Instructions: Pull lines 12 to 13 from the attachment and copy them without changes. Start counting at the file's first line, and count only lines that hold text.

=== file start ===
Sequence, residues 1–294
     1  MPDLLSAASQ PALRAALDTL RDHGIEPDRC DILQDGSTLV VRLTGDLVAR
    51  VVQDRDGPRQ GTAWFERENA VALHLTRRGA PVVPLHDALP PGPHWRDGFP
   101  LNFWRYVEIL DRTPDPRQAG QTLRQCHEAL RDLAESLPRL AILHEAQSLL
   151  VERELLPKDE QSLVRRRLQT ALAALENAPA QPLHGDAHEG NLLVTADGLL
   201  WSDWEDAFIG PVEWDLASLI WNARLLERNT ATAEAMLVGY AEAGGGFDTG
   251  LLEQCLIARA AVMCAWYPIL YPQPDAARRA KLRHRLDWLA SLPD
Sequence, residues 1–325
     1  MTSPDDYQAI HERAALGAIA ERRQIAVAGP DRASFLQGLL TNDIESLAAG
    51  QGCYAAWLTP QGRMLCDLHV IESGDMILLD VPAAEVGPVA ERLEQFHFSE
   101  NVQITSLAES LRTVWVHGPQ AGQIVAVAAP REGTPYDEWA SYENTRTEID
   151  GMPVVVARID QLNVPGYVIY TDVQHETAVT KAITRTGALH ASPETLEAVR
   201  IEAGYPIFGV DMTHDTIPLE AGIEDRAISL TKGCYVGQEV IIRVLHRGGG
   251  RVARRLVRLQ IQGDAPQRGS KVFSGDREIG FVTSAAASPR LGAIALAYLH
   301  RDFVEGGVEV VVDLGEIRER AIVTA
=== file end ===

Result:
   151  GMPVVVARID QLNVPGYVIY TDVQHETAVT KAITRTGALH ASPETLEAVR
   201  IEAGYPIFGV DMTHDTIPLE AGIEDRAISL TKGCYVGQEV IIRVLHRGGG